Primo Levi survived Auschwitz to write a prodigious amount of scholarship, essays and fiction before plunging to his death down the stairwell of his Turin apartment building in 1987. This is from the final section of his memoir, The Periodic Table, in which he imagines the life of a carbon atom.
Our character lies for hundreds of millions of years, bound to three atoms of oxygen and one of calcium, in the form of limestone: it already has a very long cosmic history behind it, but we shall ignore it. For it time does not exist, or exists only in the form of sluggish variations in temperature, daily or seasonal, if, for the good fortune of this tale, its position is not too far from the earth’s surface. Its existence, whose monotony cannot be thought of without horror, is a pitiless alternation of hots and colds, that is, of oscillations (always of equal frequency) a trifle more restricted and a trifle more ample: an imprisonment, for this potentially living personage, worthy of the Catholic Hell. To it, until this moment, the present tense is suited, which is that of description, rather than the past tense, which is that of narration – it is congealed in an eternal present, barely scratched by the moderate quivers of thermal agitation.
But, precisely for the good fortune of the narrator, whose story could otherwise have come to an end, the limestone rock ledge of which the atom forms a part lies on the surface. It lies within reach of man and his pickax (all honor to the pickax and its modern equivalents; they are still the most important intermediaries in the millennial dialogue between the elements and man): at any moment – which I, the narrator, decide out of pure caprice to be the year 1840 – a blow of the pickax detached it and sent it on its way to the lime kiln, plunging it into the world of things that change. It was roasted until it separated from the calcium, which remained so to speak with its feet on the ground and went to meet a less brilliant destiny, which we shall not narrate. Still firmly clinging to two of its three former oxygen companions, it issued from the chimney and took the path of the air. Its story, which once was immobile, now turned tumultuous.
It was caught by the wind, flung down on the earth, lifted ten kilometers high. It was breathed in by a falcon, descending into its precipitous lungs, but did not penetrate its rich blood and was expelled. It dissolved three times in the water of the sea, once in the water of a cascading torrent, and again was expelled. It traveled with the wind, for eight years: now high, now low, on the sea and among the clouds, over forests, deserts, and limitless expanses of ice; then it stumbled into capture and the organic adventure.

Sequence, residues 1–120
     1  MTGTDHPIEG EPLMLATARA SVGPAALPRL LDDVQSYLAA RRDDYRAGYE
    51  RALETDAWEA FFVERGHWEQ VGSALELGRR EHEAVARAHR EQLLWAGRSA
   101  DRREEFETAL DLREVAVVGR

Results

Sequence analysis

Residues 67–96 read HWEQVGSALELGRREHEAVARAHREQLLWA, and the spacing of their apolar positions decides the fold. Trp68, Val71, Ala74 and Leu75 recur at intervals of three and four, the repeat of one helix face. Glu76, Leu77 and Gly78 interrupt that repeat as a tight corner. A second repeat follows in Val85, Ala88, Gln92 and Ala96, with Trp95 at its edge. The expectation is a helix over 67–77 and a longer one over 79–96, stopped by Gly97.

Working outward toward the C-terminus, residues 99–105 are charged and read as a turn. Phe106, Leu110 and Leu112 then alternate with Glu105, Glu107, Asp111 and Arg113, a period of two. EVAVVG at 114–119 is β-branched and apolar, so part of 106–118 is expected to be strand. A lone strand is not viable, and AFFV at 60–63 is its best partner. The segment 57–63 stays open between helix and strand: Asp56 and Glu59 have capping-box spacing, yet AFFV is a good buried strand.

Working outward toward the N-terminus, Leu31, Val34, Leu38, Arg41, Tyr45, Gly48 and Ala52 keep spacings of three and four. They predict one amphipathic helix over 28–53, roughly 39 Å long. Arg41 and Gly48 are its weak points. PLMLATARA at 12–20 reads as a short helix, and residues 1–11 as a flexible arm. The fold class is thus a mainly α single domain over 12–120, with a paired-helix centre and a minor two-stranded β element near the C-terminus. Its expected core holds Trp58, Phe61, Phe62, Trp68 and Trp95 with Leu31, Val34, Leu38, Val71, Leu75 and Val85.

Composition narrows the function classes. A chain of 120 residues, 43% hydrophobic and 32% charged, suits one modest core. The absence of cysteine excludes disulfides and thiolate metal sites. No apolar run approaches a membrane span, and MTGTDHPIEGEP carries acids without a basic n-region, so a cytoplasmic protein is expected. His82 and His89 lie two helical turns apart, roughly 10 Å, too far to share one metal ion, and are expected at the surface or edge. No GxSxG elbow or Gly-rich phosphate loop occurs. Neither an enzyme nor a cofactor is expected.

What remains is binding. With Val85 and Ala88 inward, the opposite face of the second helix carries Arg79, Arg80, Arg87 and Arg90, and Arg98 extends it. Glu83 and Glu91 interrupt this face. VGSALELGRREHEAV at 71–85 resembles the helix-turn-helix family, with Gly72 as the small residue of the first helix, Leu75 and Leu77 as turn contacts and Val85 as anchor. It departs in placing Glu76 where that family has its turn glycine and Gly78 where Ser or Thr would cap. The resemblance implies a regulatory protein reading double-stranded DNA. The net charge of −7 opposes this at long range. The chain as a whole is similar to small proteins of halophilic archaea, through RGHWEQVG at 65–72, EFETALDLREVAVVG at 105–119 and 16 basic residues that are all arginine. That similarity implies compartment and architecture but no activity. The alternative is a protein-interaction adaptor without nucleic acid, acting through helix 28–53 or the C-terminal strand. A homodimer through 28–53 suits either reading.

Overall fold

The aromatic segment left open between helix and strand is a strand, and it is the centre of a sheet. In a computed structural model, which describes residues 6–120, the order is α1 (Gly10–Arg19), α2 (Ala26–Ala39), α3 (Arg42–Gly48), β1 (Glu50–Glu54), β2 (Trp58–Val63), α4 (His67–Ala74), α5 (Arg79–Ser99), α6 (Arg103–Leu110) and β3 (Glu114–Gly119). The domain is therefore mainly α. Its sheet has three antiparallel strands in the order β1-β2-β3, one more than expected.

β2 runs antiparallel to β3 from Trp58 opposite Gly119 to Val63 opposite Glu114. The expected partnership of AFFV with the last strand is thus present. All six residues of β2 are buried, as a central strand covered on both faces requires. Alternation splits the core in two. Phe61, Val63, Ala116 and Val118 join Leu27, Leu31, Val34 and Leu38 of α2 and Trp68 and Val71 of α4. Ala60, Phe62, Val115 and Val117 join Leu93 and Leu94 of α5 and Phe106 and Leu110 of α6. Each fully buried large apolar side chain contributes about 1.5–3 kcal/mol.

Carbon, in fact, is a singular element: it is the only element that can bind itself in long stable chains without a great expense of energy, and for life on earth (the only one we know so far) precisely long chains are required. Therefore carbon is the key element of living substance: but its promotion, its entry into the living world, is not easy and must follow an obligatory, intricate path, which has been clarified (and not yet definitively) only in recent years. If the elaboration of carbon were not a common daily occurrence, on the scale of billions of tons a week, wherever the green of a leaf appears, it would by full right deserve to be called a miracle.
The atom we are speaking of, accompanied by its two satellites, which maintained it in a gaseous state, was therefore borne by the wind along a row of vines in the year 1848. It had the good fortune to brush against a leaf, penetrate it, and be nailed there by a ray of the sun. If my language here becomes imprecise and allusive, it is not only because of my ignorance: this decisive event, this instantaneous work a tre – of the carbon dioxide, the light, and the vegetal greenery – has not yet been described in definitive terms, and perhaps it will not be for a long time to come, so different is it from the other ‘organic’ chemistry which is the cumbersome, slow, and ponderous work of man: and yet this refined, minute, and quick-witted chemistry was ‘invented’ two or three billion years ago by our silent sisters, the plants, which do not experiment and do not discuss, and whose temperature is identical to that of the environment in which they live. If to comprehend is the same as forming an image, we will never form an image of a happening whose scale is a millionth of a millimeter, whose rhythm is a millionth of a second and whose protagonists are in their essence invisible. Every verbal description must he inadequate, and one will be as good as the next, so let us settle for the following description.
Our atom of carbon enters the leaf, colliding with other innumerable (but here useless) molecules of nitrogen and oxygen. It adheres to a large and complicated molecule that activates it, and simultaneously receives the decisive message from the sky, in the flashing form of a packet of solar light: in an instant, like an insect caught by a spider, it is separated from its oxygen, combined with hydrogen and (one thinks) phosphorus, and finally inserted in a chain, whether long or short does not matter, but it is the chain of life. All this happens swiftly, in silence, at the temperature and pressure of the atmosphere, and gratis: dear colleagues, when we learn to do likewise we will be sicut Deus [like God], and we will have also solved the problem of hunger in the world.
But there is more and worse, to our shame and that of our art.